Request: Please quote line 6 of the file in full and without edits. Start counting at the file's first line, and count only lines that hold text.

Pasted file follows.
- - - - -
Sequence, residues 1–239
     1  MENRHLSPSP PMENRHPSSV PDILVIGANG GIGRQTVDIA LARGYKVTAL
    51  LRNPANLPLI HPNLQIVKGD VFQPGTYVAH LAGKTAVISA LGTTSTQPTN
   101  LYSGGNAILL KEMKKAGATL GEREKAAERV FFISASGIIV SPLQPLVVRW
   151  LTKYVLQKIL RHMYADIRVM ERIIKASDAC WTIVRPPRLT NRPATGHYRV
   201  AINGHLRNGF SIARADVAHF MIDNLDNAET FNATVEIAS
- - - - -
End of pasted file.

   201  AINGHLRNGF SIARADVAHF MIDNLDNAET FNATVEIAS